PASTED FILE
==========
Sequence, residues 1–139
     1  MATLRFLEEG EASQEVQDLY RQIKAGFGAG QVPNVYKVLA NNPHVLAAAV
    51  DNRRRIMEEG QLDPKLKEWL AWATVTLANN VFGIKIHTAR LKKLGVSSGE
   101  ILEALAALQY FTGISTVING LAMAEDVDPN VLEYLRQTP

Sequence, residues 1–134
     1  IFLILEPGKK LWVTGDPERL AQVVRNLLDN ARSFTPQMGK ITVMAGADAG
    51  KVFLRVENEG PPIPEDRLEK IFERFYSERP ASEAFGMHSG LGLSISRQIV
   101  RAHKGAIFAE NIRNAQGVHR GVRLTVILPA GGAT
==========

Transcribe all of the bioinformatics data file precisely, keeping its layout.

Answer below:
Sequence, residues 1–139
     1  MATLRFLEEG EASQEVQDLY RQIKAGFGAG QVPNVYKVLA NNPHVLAAAV
    51  DNRRRIMEEG QLDPKLKEWL AWATVTLANN VFGIKIHTAR LKKLGVSSGE
   101  ILEALAALQY FTGISTVING LAMAEDVDPN VLEYLRQTP

Sequence, residues 1–134
     1  IFLILEPGKK LWVTGDPERL AQVVRNLLDN ARSFTPQMGK ITVMAGADAG
    51  KVFLRVENEG PPIPEDRLEK IFERFYSERP ASEAFGMHSG LGLSISRQIV
   101  RAHKGAIFAE NIRNAQGVHR GVRLTVILPA GGAT